An emission simulation of a device has also to consider ICs and active components. This
requires IC emission models which can be efficiently integrated into the emission
modeling technique of the device. The evolution of IC standard modeling methods for RF
emission in Table 2.2 was presented by [3] in
May 2008.

According to Table 2.2, there are currently no IC standard
modeling methods available for the frequency range above 3GHz.
The table indicates that
a solution for radiated emission IC modeling exists below 3GHz. This method models the
radiated field of an IC by dipoles placed along the interconnects of the lead frame. The
dipole moments are modeled by the interconnect currents from a network simulation with an
ICEM model [51]. Therefore, the modeling method requires only simulations, but
no measurements.
Although a comparison of results from this method with threedimensional full wave
simulation demonstrated good agreements for canonical structures, a comparison of IC
model results with measurements showed some significant deviations of about 6dB
[52]. The main reasons for the deviations were reported by [52]
to be inaccuracies of the utilized geometrical package model and uncertainties of the
currents on the package. There are currently no results with increased accuracy from this
modeling approach in the literature.
Another approach for modeling the near field of an IC has been presented by
[6]. This method models the package with the threedimensional
full wave simulation program HFSS^{®} and introduces excitation ports at
the chip side and on the PCB side of the package. The ports are excited by frequency
domain excitations, obtained by FFT of time domain network simulations with an ICEM
model. A good agreement of simulation results to measurement results has been achieved by
this method on a 16bit microcontroller with a 144pin TQFP package.
Both methods of [6] and [52] require
threedimensional full wave simulation for the consideration of an enclosure. They do not
provide an explicit relation from the IC model sources to the common mode coupling from
the IC to the enclosure. This makes optimization inefficient and prevents an integration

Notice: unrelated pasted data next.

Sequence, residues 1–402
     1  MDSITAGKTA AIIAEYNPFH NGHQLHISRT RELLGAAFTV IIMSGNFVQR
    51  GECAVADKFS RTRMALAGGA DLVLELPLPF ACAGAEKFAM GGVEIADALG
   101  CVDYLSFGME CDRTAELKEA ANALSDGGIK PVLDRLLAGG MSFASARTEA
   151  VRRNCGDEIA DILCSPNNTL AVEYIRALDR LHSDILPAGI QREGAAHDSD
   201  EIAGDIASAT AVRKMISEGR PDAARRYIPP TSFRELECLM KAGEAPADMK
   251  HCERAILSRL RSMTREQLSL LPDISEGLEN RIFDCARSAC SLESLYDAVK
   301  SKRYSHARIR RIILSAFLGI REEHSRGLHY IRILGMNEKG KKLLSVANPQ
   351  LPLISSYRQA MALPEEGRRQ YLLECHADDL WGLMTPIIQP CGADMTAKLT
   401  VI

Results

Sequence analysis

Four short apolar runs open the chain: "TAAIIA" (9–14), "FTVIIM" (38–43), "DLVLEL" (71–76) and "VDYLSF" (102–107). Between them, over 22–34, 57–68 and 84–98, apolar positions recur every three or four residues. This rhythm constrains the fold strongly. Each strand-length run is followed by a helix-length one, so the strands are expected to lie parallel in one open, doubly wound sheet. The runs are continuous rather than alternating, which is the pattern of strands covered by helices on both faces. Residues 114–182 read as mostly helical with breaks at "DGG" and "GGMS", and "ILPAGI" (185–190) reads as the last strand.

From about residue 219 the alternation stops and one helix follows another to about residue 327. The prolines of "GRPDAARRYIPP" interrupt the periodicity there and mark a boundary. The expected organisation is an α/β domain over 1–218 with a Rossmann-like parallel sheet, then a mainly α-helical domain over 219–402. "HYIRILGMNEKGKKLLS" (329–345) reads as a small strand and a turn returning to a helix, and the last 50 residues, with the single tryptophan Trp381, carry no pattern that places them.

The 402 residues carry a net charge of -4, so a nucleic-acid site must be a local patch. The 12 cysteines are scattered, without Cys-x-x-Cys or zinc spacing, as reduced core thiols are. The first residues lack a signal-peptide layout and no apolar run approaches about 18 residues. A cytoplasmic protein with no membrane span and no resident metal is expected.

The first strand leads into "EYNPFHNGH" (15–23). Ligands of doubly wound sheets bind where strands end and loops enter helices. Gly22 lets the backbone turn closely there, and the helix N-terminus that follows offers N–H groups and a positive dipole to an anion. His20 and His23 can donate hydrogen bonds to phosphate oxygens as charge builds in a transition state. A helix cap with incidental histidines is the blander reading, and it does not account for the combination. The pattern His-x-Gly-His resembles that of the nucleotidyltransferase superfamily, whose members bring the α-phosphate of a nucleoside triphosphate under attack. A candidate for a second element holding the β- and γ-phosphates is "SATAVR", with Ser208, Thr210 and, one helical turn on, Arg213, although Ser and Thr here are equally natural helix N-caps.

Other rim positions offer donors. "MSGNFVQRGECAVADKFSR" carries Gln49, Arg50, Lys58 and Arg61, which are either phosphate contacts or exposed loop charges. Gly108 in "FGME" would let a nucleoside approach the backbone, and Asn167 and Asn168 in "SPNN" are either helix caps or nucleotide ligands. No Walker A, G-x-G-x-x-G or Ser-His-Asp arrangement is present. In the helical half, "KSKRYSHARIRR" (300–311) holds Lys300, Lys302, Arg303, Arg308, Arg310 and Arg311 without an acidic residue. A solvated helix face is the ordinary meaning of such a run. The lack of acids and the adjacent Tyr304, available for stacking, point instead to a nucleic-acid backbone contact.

into the cavity device model developed in the course of this dissertation and predictive
simulations of mTEM measurement results.
The common mode coupling is also the coupling mechanism from an IC to a mTEM cell,
which is evident, because the magnetic and the electric common mode coupling moments of
an IC can be obtained by mTEM measurements [53]. Main standardized EMC
measurements for ICs are based on mTEM cells [54]. This indicates the
significance of the common mode coupling. The coupling of the IC to the mTEM cell is
also modeled in [6]. However, the results of this modeling show
deviations from the measurement results above 300MHz and the modeling is carried out by
using lumped coupling capacitors which have no relation to the previously mentioned near
field model.
This work models the common mode coupling from a trace on a PCB to the parallelplane
cavity field between the PCB ground plane and a metallic enclosure cover by an analytical
formulation.
Only the vertical current segments of the trace couple to the cavity. Therefore, the
coupling can be described by the currents on the two trace ends (source and load
positions), which are obtained from a network simulation of the trace, the load, and the
source. The common mode coupling of an IC can be modeled by the same approach. The
currents on the IC package can be obtained by network simulation with an ICEM model, as
already presented by [6] and [52]. With these
currents on the vertical elements of the package, the common mode coupling can be modeled
accurately up to high cavity resonance frequencies in the GHz range. The model provides
explicit information about the influence of every individual geometric package part on
the overall common mode coupling of the device. This information enables efficient EMC
optimization of both the package geometry and the part placement inside an enclosure.
C. Poschalko: The Simulation of Emission from Printed Circuit Boards under a Metallic Cover